Antibiotic-resistance emerged hundreds of millions of years ago. Image Credit: CC BY-SA 2.0 Phillip Capper
Far from being a modern phenomenon, antibiotic-resistant microbes have existed for millions of years.
Antibiotic resistance has become a serious issue over the last few years with excessive misuse of these common drugs leading to strains of bacteria that are completely immune to them.
According to a new study however, the origins of these resistant strains may actually predate, not only modern antibiotic medication, but also the evolution of the entire human race.
One of the most common of today's superbugs - enterococci - is now thought to date back over 450 million years, meaning that antibiotic resistance existed even before the dawn of the dinosaurs.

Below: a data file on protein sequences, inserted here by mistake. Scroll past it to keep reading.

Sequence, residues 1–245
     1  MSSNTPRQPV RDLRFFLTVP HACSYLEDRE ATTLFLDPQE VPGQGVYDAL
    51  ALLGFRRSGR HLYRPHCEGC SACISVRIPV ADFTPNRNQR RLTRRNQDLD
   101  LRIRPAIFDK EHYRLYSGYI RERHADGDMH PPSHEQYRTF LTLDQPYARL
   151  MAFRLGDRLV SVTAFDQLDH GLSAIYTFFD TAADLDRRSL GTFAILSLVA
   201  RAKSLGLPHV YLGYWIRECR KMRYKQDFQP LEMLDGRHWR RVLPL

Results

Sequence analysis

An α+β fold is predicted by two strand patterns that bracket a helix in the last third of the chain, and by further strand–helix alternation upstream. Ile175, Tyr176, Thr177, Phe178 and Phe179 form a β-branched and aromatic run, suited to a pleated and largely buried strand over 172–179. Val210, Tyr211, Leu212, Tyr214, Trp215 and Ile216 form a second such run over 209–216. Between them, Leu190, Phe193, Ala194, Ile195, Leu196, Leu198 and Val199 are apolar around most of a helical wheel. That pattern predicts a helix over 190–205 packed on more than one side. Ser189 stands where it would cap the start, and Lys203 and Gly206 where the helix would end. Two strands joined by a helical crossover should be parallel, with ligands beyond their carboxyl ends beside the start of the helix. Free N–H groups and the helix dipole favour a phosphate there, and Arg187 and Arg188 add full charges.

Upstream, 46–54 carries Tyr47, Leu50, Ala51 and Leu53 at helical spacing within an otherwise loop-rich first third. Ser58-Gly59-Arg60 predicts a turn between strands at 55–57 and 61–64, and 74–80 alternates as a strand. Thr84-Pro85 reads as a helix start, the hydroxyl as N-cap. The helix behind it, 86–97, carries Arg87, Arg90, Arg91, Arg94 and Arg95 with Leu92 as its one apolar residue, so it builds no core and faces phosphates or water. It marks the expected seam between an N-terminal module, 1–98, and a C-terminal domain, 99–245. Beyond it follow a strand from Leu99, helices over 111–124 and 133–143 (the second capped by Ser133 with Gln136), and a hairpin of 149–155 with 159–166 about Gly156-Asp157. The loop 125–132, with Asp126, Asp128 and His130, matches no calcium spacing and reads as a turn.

"By analyzing the genomes and behaviors of today's enterococci, we were able to rewind the clock back to their earliest existence and piece together a picture of how these organisms were shaped into what they are today," said study co-author Ashlee M. Earl.
"Understanding how the environment in which microbes live leads to new properties could help us to predict how microbes will adapt to the use of antibiotics, antimicrobial hand soaps, disinfectants and other products intended to control their spread."
Source: Science Daily | Comments (2)